ISLAMABAD — Iconic singer and actress Cher was set to visit Pakistan on Friday to celebrate the departure of Kaavan, dubbed the "world's loneliest elephant," who will soon leave a Pakistani zoo for better conditions after years of lobbying by animal rights groups and activists.
Because of security concerns, Cher's schedule was not made public but "she is on her way," said Martin Bauer of Four Paws International, a Vienna-based animal welfare group that's led the charge to save Kaavan.
The elephant has languished in the zoo for 35 years, and lost his partner in 2012. He was diagnosed by veterinarians as both overweight and malnourished earlier this year, and also suffers behavioral issues. He's set to leave for a sanctuary in Cambodia on Sunday.
Cher took up Kaavan's cause and has been a loud voice advocating for his resettlement. Four Paws, which often carries out animal rescue missions, has provided the medical treatment needed before Kaavan can travel. The battle for his relocation began in 2016.
"Thanks to Cher, but also local Pakistani activists, Kaavan's fate made headlines around the world, and this contributed to the facilitation of his transfer," Bauer told The Associated Press on Friday.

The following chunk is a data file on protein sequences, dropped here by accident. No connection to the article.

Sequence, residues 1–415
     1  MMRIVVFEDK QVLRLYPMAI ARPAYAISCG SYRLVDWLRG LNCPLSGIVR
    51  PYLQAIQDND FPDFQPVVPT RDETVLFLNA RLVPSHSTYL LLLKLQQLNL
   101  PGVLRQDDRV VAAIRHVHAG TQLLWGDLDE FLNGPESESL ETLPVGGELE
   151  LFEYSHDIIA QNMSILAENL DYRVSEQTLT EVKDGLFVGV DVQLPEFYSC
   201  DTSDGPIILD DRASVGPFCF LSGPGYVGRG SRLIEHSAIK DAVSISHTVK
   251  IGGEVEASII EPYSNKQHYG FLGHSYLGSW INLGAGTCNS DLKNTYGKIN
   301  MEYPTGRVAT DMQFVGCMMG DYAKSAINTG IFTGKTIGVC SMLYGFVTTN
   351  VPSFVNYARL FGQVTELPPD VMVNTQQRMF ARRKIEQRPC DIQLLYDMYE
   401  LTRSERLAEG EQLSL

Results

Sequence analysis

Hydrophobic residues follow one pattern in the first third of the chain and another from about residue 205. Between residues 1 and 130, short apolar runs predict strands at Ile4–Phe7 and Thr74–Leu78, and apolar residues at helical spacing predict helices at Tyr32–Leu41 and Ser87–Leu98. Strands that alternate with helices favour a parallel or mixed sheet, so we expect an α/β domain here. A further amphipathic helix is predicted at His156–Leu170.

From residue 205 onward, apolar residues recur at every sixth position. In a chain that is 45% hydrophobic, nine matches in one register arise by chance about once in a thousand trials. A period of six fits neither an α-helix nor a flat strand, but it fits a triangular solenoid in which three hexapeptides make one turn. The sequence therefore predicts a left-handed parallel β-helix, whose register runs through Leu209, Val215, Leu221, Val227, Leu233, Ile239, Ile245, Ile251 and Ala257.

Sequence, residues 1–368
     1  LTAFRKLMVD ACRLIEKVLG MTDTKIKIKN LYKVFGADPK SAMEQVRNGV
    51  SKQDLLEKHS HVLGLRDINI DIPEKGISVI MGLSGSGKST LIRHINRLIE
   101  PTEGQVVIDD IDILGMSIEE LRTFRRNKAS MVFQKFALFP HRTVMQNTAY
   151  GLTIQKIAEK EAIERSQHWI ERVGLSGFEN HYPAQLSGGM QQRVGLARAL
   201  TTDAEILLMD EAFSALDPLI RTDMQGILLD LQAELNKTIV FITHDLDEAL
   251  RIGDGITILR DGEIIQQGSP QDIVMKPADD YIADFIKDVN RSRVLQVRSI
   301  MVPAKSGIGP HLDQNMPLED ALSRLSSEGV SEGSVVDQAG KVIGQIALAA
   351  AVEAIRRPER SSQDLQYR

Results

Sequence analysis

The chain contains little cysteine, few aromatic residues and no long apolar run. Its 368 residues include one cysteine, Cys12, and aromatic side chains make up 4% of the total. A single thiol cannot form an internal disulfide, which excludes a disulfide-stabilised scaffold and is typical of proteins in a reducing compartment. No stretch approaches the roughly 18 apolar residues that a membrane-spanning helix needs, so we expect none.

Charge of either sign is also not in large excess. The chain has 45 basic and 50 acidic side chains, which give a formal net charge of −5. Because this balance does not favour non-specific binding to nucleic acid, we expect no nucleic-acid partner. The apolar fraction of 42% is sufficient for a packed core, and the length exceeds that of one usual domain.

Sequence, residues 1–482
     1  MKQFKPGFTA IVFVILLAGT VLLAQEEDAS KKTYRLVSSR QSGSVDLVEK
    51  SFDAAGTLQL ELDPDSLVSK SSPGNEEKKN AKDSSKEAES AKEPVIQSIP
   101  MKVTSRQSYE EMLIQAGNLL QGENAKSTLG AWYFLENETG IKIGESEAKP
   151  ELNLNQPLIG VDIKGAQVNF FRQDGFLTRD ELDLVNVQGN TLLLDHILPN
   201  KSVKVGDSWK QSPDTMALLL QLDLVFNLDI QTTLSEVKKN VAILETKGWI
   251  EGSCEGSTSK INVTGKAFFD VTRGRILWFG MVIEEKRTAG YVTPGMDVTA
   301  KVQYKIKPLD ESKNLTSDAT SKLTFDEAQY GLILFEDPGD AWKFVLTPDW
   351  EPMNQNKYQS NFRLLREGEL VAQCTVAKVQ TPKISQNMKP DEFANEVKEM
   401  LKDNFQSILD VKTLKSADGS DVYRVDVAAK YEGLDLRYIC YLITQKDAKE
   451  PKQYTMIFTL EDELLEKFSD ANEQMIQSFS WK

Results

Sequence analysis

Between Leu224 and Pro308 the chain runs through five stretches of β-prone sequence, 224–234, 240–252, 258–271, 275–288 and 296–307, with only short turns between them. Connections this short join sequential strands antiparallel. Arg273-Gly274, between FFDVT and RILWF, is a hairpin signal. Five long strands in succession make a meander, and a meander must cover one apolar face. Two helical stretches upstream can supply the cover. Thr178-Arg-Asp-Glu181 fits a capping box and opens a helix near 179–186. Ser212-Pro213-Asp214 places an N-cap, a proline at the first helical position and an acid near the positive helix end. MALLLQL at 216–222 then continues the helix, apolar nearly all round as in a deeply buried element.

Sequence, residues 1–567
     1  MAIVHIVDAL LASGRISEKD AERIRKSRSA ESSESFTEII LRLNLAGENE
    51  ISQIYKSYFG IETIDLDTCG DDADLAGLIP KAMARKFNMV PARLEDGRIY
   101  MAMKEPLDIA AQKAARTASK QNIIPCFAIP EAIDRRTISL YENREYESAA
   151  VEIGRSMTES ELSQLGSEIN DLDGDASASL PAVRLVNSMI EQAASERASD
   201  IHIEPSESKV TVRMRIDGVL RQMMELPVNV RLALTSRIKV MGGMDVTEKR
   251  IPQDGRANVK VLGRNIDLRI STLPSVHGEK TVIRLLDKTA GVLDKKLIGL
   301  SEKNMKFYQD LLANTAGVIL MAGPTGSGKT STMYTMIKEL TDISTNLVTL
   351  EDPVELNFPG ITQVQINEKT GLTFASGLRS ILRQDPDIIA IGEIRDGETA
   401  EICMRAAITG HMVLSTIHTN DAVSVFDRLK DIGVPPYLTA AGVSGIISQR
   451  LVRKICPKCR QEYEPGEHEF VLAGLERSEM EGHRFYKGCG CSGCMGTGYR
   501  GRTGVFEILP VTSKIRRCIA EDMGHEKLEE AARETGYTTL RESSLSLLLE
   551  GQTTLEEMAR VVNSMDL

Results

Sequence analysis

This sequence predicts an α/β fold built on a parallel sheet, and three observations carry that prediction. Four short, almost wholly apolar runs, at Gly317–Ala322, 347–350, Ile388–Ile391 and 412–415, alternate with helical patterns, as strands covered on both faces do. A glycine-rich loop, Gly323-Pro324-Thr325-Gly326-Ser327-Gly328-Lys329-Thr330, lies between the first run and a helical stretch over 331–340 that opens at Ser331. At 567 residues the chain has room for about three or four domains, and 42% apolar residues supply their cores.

Even after he's in Cambodia, he'll require years of physical and even psychological assistance, Bauer said.
Because of the abysmal living conditions blamed on systemic negligence, Pakistan's high court in May ordered the closure of Marghazar Zoo in the capital of Islamabad, where Kaavan has lived for much of his life.
A medical examination in September showed Kaavan's nails were cracked and overgrown — the result of years of living in an improper enclosure with flooring that damaged his feet.
The elephant has also developed stereotypical behavior, shaking his head back and forth for hours, which the medical team of wildlife veterinarians and experts blamed on his utter boredom.
For the past three months, a Four Paws team including veterinarian Dr. Amil Khalil and the Islamabad Wildlife Management Board has been readying Kaavan to leave. Members of the welfare group will also accompany him to the sanctuary.
Bauer lauded the powerful impact celebrity voices can have for animal rights.
"Celebrities lending their voices to good causes are always welcomed, as they help starting public discourse and raising pressure on responsible authorities," he said.
"Around the globe there are animal lovers, famous and not famous, and the support of every single one of them is crucial," he added.